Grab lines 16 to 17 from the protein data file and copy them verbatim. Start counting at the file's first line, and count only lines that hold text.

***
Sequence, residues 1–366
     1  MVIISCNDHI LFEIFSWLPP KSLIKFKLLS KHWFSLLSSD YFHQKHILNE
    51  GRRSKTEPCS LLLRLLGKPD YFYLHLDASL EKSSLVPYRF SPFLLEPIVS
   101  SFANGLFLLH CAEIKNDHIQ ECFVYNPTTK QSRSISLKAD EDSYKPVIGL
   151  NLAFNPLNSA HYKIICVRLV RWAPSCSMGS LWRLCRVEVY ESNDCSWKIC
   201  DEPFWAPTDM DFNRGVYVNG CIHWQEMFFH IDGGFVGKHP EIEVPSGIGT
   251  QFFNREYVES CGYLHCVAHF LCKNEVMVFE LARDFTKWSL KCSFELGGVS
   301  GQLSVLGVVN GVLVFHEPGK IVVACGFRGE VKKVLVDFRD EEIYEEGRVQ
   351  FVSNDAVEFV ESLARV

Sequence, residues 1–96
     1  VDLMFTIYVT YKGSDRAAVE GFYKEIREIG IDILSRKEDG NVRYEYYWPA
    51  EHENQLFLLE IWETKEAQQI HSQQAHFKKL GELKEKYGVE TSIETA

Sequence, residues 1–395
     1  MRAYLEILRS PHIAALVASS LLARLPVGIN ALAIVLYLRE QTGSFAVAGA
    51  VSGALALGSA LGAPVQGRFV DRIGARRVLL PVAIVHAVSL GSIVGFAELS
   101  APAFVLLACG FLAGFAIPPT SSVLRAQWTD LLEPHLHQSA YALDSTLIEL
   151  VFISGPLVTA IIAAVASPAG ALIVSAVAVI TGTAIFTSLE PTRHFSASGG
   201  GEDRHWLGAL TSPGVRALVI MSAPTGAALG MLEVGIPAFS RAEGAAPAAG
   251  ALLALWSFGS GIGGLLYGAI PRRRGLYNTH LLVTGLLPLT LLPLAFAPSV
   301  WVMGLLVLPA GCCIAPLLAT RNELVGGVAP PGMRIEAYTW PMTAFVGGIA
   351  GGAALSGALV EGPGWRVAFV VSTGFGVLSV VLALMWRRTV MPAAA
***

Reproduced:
   101  APAFVLLACG FLAGFAIPPT SSVLRAQWTD LLEPHLHQSA YALDSTLIEL
   151  VFISGPLVTA IIAAVASPAG ALIVSAVAVI TGTAIFTSLE PTRHFSASGG